The pathophysiology of type 2 diabetes (AKA: what goes awry in your body) is an inability of your cells to respond to the hormone insulin, allowing excessive amounts of glucose to accumulate in your blood.
From this perspective, it would make sense that reducing the number of carbohydrates you consume (glucose) would have a beneficial effect on blood sugar irregularities in diabetes. This understanding is exactly why many people with diabetes or other metabolic conditions that impact blood sugar turn to diets like the ketogenic diet.
In a recent study published in the Journal of Future Foods, researchers examined the impact of a ketogenic diet on participants with type 2 diabetes to uncover the potential benefits of carbohydrate restriction beyond a standard low-carb diet.
By assessing both physiological and abdominal MRI data, the investigators found some promising results for the potential therapeutic effect of the keto diet in type 2 diabetes.
Let's dive in.
Participants and Methods
Eight participants were carefully selected under the following guidelines:
- They were aged 18 to 65 years old.
- They all had a BMI greater than 25.
- They had a diabetes diagnosis for three years or less.
- To avoid conflicting factors, the participants chosen did not have any severe complications such as nephropathy, retinopathy, and diabetic foot.
- Similarly, there were no coexisting chronic diseases such as heart or lung disease.
Before the intervention, each participant had physiological parameters that are associated with diabetes assessed, including:
- Hemoglobin A1c (HbA1c), which gives an indication of the participant's average blood glucose levels over the last three months.
- Triglyceride (TG) levels, which measure triglycerides in the blood, high levels of TG in the blood are seen as a risk factor for diabetes.
- Fasting blood glucose, defined as no caloric intake for at least 8 hours.
- Body Mass Index (BMI), which is a measure of body fat based on height and weight.
- Alanine aminotransferase (ALT), a liver enzyme that's released when liver cells are damaged. High ALT is an associated risk factor for diabetes.
Furthermore, the researchers collected abdominal MRIs for the subjects to assess adipose (fat tissue) volume before and after the intervention.
Once all data were collected, the participants began a three-month intervention, restricting their carbohydrate intake to 20-30 grams of carbohydrates per day, with no other dietary restrictions. They were asked to report their progress upon request throughout the three months and encouraged to stay active and keep a food journal to help track their dietary intake.
Now for the interesting part; the study results.
After three months of following a ketogenic diet, the participants were reassessed for all biological parameters and took a new set of MRI images.
Across the board, the eight participants showed significant positive changes in their biological parameters, including:
- Reduced HbA1c, indicating that the interventions of the last three months effectively reduced overall blood sugar and, therefore, reduced the severity of diabetes.
- Reduced Fasting Blood Glucose, indicating an enhanced ability for the body to absorb glucose from the blood.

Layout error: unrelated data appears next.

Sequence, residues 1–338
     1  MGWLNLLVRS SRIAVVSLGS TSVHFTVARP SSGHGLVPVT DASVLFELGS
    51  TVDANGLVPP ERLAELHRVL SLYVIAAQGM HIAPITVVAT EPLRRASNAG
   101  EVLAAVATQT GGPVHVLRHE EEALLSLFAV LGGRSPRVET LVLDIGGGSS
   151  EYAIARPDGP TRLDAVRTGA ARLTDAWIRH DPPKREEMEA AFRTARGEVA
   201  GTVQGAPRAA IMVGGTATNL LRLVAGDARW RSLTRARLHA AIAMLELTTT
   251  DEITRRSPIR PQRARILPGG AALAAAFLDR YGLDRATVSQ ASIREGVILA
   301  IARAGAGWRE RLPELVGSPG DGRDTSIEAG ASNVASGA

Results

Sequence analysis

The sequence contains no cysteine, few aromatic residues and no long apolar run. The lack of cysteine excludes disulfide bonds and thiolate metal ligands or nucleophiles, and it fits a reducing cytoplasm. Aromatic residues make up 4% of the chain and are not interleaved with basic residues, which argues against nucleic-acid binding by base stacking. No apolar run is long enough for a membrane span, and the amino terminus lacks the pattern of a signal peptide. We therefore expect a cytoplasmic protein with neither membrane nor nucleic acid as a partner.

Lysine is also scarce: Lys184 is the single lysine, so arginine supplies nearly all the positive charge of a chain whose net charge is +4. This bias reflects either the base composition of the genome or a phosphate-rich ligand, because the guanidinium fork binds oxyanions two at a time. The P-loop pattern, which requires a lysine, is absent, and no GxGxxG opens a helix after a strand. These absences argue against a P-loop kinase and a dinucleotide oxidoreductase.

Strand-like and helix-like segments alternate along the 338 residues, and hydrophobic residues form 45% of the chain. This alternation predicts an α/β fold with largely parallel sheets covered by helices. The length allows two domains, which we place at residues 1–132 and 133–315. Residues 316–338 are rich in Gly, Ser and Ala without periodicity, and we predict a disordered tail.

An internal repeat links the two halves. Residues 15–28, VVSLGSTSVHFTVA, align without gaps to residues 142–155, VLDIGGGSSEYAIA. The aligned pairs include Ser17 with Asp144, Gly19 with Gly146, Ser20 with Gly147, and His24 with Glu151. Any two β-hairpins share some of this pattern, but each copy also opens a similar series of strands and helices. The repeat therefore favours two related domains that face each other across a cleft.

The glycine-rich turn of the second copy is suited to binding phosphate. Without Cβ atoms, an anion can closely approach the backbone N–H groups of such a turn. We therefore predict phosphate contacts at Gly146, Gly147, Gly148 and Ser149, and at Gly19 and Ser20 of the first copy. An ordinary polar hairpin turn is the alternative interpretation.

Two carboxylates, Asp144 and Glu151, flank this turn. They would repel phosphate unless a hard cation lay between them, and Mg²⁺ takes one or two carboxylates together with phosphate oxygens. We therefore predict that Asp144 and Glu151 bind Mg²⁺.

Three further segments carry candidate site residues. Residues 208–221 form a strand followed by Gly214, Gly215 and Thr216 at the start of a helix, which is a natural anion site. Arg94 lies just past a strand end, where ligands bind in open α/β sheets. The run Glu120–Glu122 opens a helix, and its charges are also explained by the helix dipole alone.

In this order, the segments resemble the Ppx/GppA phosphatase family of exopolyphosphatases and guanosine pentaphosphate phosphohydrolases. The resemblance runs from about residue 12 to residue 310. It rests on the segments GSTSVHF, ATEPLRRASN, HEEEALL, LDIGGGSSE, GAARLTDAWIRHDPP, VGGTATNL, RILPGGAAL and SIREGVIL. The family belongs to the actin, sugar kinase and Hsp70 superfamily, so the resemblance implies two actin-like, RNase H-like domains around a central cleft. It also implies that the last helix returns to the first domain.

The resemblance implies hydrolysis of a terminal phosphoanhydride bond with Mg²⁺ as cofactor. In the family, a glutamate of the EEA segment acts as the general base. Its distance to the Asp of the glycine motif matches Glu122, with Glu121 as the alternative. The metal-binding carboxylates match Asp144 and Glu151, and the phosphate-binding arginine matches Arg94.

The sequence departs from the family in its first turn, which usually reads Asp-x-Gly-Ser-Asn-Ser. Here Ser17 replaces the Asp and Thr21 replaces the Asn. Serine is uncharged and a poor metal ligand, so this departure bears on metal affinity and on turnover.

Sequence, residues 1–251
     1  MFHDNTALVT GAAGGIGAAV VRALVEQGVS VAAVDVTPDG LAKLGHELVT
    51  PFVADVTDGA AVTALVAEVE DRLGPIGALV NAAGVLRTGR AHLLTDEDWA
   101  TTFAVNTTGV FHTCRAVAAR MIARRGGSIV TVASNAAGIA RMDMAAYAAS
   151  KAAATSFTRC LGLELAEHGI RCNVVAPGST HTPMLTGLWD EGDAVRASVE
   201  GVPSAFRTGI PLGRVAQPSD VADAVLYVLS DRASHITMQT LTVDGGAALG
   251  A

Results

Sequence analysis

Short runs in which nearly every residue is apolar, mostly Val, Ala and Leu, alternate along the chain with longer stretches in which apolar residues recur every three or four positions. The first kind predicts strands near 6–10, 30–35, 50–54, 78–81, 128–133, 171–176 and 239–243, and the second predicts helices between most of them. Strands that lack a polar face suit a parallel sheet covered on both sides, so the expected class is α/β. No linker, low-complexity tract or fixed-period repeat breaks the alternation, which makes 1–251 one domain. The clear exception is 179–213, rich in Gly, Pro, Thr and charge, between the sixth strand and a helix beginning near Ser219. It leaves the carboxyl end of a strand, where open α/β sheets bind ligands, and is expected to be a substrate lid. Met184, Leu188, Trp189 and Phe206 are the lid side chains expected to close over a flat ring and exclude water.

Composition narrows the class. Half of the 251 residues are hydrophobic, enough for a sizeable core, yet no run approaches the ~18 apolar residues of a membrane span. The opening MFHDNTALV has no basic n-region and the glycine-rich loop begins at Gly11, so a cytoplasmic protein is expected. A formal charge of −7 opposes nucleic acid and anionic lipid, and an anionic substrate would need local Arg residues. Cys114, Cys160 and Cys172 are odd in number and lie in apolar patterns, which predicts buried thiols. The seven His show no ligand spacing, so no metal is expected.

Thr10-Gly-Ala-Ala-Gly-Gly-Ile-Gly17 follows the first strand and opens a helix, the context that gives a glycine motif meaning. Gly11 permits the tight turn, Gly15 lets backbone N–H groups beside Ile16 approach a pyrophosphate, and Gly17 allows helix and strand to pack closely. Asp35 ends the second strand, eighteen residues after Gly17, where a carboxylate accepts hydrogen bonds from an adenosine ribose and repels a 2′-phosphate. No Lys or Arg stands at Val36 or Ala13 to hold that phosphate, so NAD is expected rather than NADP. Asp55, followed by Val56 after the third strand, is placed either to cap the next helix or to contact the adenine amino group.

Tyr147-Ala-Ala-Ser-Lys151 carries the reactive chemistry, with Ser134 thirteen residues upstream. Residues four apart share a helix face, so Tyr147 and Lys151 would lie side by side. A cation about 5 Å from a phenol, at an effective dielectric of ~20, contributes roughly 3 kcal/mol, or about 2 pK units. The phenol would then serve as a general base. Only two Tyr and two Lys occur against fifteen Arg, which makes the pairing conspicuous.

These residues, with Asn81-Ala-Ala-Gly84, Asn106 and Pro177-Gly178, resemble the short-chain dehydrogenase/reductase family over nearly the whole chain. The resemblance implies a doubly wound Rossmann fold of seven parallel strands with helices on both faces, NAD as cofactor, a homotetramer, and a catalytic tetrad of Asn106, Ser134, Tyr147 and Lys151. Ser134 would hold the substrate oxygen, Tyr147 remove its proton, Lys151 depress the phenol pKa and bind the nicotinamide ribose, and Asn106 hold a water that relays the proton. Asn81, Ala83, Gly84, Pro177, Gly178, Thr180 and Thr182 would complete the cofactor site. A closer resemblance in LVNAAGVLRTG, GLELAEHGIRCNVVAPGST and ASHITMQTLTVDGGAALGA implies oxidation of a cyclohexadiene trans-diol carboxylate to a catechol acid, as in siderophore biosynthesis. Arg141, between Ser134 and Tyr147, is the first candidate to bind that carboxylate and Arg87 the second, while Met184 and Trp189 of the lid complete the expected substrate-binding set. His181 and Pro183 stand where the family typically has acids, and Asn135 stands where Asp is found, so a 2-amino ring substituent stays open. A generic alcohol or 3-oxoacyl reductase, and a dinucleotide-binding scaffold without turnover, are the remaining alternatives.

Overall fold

- Reduced ALT and TG, indicating a reduction in the severity of diabetes, along with improved liver function.
- Reduced BMI and adipose tissue volume, indicating that the diet promoted weight loss and specifically fat loss.
The study authors note that the beneficial biological changes we see with the ketogenic diet are likely not due to the reduction of carbohydrates alone, but rather the ketogenic diet's ability to help participants shed excess weight.
In this way, the ketogenic diet may prove beneficial in other metabolic conditions where obesity is a driving factor. The authors also note that they plan to conduct larger trials in the future to expand their dataset and receive more insights into the therapeutic mechanisms behind the ketogenic diet.
What Does This Mean For You?
This research gives us some exciting insight into how the ketogenic diet may help to turn around markers for diabetes and pre-diabetes.
Many people give the ketogenic diet a try for a month or so and then fall off the bandwagon because they can't keep it up. In this study, participants committed to three months of following a ketogenic diet, and their outcomes were significantly positive.
If you've been wavering on trying a ketogenic diet, it may be worth considering if you could give yourself at least three months of commitment. Although it can be challenging to start a new diet, there are plenty of resources out there for you – including BioCoach.
When you sign up with BioCoach, you'll get to choose a diet plan and a health coach, you'll receive a glucose and ketone meter, and you'll have access to all kinds of bonuses and support. The goal of BioCoach is to help you take the guesswork out of your diet so you can put your focus where it matters.
As the ketogenic diet continues to grow in popularity, more researchers are digging in to uncover the potential benefits of very low-carb dieting. Along with the known neurological benefits, studies like this one show us that the ketogenic diet may be an excellent option for turning around metabolic conditions like type 2 diabetes.
As always, be sure to consult with your doctor or healthcare professional before beginning a new diet to make sure it's the right choice for you.